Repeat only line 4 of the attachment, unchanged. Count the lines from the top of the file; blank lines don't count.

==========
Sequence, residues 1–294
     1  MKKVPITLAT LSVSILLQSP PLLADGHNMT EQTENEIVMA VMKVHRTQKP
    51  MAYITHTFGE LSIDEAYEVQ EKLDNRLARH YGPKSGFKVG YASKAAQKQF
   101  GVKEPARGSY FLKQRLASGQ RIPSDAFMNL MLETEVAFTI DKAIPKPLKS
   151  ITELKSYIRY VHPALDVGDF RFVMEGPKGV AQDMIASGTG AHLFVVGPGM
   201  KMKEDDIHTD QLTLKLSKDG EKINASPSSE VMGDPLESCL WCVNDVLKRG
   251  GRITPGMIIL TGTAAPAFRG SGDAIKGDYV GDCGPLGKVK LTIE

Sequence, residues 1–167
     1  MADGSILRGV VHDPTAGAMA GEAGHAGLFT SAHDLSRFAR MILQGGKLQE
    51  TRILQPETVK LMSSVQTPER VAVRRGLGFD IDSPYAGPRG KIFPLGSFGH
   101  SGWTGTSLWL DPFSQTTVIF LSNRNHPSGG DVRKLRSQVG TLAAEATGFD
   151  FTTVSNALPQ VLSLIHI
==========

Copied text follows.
   101  GVKEPARGSY FLKQRLASGQ RIPSDAFMNL MLETEVAFTI DKAIPKPLKS